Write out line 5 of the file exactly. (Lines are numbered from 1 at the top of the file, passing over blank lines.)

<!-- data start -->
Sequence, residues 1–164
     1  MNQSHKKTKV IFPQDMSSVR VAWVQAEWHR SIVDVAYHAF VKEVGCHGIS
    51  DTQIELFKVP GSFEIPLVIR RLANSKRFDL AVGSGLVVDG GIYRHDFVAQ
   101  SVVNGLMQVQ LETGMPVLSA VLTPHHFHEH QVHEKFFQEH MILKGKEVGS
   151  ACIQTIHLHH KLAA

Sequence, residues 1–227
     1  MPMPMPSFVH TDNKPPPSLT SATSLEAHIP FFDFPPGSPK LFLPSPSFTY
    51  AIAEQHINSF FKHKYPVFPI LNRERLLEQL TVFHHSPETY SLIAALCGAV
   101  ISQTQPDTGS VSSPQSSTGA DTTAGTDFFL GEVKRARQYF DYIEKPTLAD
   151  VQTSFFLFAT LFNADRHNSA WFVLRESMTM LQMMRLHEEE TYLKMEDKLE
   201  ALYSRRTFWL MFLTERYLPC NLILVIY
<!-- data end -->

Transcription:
   151  ACIQTIHLHH KLAA